ISTANBUL, Turkey, Aug. 29 (UPI) — Doctors at a Turkish hospital said they are having success with Islamic music therapy, a centuries-old technique using Arabesque scales and modes in healing.
Dr. Bingur Sonmez and Dr. Erol Can at the Memorial Hospital in Istanbul said they have found music therapy produced significant psychological and physiological outcomes when used as a complimentary therapy, Britain’s Guardian reported Monday.
Can, chief anesthetist in the intensive care unit, said he was introduced to music therapy when working at a Bulgarian hospital and he experimented with live instruments after moving to Turkey in 1996.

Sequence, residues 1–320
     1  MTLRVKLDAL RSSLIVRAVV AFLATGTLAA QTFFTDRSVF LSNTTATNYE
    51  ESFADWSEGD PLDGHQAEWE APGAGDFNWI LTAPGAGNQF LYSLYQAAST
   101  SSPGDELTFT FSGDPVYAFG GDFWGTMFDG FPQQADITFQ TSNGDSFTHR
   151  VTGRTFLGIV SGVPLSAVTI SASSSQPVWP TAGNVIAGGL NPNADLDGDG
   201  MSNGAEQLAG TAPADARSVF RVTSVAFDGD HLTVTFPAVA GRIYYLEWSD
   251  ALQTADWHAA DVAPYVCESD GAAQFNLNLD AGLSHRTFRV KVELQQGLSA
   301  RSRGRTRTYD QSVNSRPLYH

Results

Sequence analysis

“I learned to play the ney flute in order to play the kind of music that was used in traditional music therapy hundreds of years ago, making use of the psychological and physiological effects of the makam,” he said.
Makam is a term referring to a wide variety of tone scales.
“There is a different makam for every illness, every health problem,” Sonmez said. “There are makamlar that agitate, and there are makamlar that relax.”